Born in Lawnton, Pennsylvania, in 1898, Alexander Calder came from an artistic family. Once he finished his engineering studies in 1922, he joined the Art Students League of New York at the age of 25 and began working as a press illustrator. He moved to Paris in 1926, where for the next three years he devoted himself to making his Cirque, a miniature circus of 200 performers made from simple materials such as wire and fabric that he would animate over a twohour performance.
In 1928 he presented his first solo exhibition in New York. Once he returned to Paris, he was quickly accepted into the Parisian avant-garde, joining the Abstraction-Création group where he met Piet Mondrian, who would become a great influence, as would Joan Miró and the Surrealists. His works became increasingly abstract, and in the early 1930s he showed his first “mobiles”, the name given by Marcel Duchamp to Calder’s sculptures constructed with articulated rods and plates, some of which moved by way of little motors. In the 1950s he produced a large number of monumental works – “stabiles”, as coined by Hans Arp – intended for installation in open spaces. Throughout his career he also produced paintings and prints, developing these areas in parallel with his three-dimensional work and driving his practice towards abstraction and movement. Calder passed away in New York City in 1976.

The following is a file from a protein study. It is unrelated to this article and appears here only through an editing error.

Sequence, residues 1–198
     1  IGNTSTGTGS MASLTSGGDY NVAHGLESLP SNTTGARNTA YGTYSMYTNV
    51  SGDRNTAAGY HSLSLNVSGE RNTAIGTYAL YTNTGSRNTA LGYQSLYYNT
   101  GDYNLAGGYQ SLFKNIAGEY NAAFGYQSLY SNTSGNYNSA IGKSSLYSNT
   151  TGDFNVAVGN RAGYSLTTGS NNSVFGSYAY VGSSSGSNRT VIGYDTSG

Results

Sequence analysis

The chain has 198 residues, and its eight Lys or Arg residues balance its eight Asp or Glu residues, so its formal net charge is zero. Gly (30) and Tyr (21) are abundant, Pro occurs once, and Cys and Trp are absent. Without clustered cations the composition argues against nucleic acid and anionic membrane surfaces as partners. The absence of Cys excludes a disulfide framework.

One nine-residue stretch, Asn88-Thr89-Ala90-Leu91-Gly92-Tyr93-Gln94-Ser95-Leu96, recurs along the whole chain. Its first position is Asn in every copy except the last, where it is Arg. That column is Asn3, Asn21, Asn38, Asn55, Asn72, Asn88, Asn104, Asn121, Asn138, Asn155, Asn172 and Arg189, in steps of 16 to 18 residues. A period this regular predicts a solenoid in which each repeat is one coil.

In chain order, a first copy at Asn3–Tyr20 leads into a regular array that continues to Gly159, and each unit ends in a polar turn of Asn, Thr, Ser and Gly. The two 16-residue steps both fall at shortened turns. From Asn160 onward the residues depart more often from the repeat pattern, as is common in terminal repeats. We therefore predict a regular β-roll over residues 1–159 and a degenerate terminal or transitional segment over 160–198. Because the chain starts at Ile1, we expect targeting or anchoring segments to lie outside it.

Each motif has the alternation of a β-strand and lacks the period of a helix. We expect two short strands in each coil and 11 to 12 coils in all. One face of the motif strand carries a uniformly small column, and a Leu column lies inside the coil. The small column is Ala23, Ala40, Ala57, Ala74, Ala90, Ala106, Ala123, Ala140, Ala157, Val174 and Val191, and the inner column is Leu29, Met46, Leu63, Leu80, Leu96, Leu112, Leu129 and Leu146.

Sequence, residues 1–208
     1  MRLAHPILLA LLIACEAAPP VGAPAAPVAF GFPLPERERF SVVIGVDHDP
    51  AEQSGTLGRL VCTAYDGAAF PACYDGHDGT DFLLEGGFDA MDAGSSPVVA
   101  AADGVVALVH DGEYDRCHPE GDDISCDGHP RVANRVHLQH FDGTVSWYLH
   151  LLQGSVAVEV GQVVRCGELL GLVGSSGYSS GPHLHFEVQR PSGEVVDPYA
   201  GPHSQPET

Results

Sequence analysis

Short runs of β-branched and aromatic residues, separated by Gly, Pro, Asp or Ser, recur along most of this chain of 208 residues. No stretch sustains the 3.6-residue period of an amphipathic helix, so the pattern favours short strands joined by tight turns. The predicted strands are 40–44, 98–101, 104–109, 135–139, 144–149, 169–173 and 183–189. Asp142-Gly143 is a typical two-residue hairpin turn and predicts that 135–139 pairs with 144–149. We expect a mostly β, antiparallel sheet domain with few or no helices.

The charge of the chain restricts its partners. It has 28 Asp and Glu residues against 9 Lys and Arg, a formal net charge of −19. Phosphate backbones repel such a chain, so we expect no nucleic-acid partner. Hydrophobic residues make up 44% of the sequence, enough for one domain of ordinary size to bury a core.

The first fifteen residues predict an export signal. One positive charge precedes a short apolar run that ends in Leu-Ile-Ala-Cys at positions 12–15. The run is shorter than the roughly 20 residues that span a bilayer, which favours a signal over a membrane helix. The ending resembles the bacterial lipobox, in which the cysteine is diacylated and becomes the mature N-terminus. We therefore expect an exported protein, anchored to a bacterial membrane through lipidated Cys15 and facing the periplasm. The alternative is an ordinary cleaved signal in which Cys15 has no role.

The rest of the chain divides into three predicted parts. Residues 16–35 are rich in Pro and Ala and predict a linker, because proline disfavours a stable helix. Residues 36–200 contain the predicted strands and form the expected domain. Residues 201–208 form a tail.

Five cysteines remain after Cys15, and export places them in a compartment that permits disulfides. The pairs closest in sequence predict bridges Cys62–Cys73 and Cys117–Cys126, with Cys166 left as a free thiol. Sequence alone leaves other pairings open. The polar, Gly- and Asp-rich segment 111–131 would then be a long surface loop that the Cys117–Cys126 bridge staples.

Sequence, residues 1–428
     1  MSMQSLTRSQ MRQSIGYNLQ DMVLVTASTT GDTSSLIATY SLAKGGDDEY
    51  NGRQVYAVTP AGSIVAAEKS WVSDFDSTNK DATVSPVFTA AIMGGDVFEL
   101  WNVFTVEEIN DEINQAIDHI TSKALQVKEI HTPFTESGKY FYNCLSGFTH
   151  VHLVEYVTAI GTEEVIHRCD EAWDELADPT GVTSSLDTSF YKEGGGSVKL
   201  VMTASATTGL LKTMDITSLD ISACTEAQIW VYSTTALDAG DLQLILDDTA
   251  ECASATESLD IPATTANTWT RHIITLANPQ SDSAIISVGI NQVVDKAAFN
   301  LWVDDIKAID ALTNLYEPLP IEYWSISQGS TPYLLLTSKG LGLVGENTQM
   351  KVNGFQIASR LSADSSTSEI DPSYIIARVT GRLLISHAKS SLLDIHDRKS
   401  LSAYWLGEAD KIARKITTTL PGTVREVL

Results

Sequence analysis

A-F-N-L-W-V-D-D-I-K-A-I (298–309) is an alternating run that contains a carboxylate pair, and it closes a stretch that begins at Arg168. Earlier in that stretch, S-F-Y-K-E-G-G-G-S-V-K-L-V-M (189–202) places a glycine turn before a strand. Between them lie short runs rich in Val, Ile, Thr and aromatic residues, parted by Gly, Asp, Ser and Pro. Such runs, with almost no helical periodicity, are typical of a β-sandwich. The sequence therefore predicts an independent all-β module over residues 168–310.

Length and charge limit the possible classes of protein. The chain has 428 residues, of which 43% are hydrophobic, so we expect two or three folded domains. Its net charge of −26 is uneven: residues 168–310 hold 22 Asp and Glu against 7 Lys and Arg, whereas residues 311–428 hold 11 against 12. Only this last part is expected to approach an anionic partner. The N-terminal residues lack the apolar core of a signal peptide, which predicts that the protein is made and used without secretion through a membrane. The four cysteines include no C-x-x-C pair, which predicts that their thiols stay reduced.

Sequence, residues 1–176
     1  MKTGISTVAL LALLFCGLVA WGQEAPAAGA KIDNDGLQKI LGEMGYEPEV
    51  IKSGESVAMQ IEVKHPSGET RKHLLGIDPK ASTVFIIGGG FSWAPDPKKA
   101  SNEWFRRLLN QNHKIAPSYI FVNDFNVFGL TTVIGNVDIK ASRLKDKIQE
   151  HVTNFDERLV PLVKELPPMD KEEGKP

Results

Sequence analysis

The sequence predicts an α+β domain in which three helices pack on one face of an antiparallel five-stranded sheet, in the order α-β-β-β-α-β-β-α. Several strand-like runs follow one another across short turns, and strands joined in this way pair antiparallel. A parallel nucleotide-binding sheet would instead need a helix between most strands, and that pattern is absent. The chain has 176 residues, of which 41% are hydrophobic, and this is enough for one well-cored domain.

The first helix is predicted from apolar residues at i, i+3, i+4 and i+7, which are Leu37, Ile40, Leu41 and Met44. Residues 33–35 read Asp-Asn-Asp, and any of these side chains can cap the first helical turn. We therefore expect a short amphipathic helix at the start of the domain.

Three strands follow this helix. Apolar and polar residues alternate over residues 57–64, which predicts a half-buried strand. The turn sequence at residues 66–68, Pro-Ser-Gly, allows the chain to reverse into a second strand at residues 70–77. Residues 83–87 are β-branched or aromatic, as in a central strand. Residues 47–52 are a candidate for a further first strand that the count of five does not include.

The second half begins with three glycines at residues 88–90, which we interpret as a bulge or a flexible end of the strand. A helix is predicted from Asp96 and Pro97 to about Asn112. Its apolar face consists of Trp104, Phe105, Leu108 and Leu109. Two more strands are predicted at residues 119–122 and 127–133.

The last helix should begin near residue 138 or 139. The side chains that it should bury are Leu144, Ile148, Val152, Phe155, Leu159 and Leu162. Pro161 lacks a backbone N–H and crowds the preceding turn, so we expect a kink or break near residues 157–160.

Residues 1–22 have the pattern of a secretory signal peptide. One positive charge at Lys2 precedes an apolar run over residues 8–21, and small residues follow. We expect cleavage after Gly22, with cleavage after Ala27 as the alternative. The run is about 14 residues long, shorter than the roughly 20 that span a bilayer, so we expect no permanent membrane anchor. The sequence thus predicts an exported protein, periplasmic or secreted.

Previous exhibitions in France (selection)
Calder, forger of giant dragonflies, Musée Soulages, Rodez
Alexander Calder, MAMAC, Nice
Alexander Calder: The Paris Years, 1926-1933, Centre Pompidou, Paris